anthropic principle (Greek: anthropos, "human being") states that the
universe was fitted from the very first moment of its existence for
the emergence of life in general and human life in particular. As
agnostic astronomer, Robert Jastrow, noted, the universe is amazingly
preadapted to the eventual appearance of humanity.1
For if there were even the slightest variation at the moment of the
big bang, making conditions different, even to a small degree, no life
of any kind would exist. In order for life to be present today an
incredibly restrictive set of demands must have been present in the
early universe—and they were.
does the scientific evidence point to a beginning of the cosmos, but
it points to a very sophisticated high tuning of the universe from the
very beginning that makes human life possible. For life to be present
today, an incredibly restrictive set of demands must have been present
in the early universe:
comprises 21 percent of the atmosphere. If it were 25 percent, fires
would erupt, if 15 percent, human beings would suffocate.
2. If the
gravitational force were altered by 1 part in 1040
(that’s 10 followed by forty zeroes), the sun would not exist, and the
moon would crash into the earth or sheer off into space.2
Even a slight increase in the force of gravity would result in all the
stars being much more massive than our sun, with the effect that the
sun would burn too rapidly and erratically to sustain life.
3. If the
centrifugal force of planetary movements did not precisely balance the
gravitational forces, nothing could be held in orbit around the sun.
4. If the
universe was expanding at a rate one millionth more slowly than it is,
the temperature on earth would be 10,000 degrees C.3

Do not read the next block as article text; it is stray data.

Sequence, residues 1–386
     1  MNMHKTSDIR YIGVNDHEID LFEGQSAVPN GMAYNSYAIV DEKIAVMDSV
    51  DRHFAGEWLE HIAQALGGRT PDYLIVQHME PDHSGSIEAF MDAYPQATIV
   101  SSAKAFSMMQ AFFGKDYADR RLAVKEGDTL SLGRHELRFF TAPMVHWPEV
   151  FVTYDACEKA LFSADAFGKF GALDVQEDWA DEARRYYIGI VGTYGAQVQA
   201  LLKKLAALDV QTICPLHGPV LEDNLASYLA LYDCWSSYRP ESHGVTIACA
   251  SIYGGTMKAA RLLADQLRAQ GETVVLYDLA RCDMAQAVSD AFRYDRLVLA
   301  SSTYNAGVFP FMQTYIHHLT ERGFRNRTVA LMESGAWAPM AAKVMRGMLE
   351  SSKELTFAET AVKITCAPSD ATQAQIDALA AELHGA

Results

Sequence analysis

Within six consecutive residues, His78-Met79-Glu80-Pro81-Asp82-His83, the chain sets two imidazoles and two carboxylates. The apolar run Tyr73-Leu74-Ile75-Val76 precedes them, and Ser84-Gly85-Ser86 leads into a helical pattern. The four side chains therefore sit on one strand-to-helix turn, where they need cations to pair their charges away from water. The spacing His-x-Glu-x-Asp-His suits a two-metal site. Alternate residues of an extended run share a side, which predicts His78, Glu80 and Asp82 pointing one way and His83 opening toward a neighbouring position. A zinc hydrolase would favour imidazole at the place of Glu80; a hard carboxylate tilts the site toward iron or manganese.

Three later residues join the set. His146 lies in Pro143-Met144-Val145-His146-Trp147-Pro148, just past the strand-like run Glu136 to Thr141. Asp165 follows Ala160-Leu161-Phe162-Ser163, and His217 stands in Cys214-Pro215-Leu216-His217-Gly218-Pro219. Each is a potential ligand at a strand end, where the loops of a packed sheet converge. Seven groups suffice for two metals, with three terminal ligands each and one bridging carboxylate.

average distance between stars in our galaxy of 100 billion stars is
30 trillion miles. If that distance was altered slightly, orbits would
become erratic, and there would be extreme temperature variations on
earth. (Traveling at space shuttle speed, seventeen thousand miles an
hour or five miles a second, it would take 201,450 years to travel 30
6. Any of
the laws of physics can be described as a function of the velocity of
light (now defined to be 299,792.458 miles a second). Even a slight
variation in the speed of light would alter the other constants and
preclude the possibility of life on earth.4
Jupiter was not in its current orbit, we would be bombarded with space
material. Jupiter’s gravitational field acts as a cosmic vacuum
cleaner, attracting asteroids and comets that would otherwise strike
8. If the
thickness of the earth’s crust was greater, too much oxygen would be
transferred to the crust to support life. If it were thinner, volcanic
and tectonic activity would make life untenable.6
9. If the
rotation of the earth took longer than 24 hours, temperature
differences would be too great between night and day. If the rotation
period was shorter, atmospheric wind velocities would be too great.
temperature differences would be too great if the axial tilt of the
earth were altered slightly.
11. If the
atmospheric discharge (lightning) rate were greater, there would be
too much fire destruction; if it were less, there would be too little
nitrogen fixing in the soil.
12. If there
were more seismic activity, much life would be lost. If there was
less, nutrients on the ocean floors and in river runoff would not be
cycled back to the continents through tectonic uplift. Even
earthquakes are necessary to sustain life as we know it.
As early as
the 1960s it was explained why, on anthropic grounds, "we should
expect to observe a world that possesses precisely three spatial
dimensions."7 Robert Dicke found "that in fact it may be
necessary for the universe to have the enormous size and complexity
which modern astronomy has revealed, in order for the earth to be a
possible habitation for living beings."8 Likewise, the
mass, the entropy level of the universe, the stability of the proton,
and innumerable other things must be just right to make life possible.
summarized the theistic implications well: "The anthropic principle…
seems to say that science itself has proven, as a hard fact, that this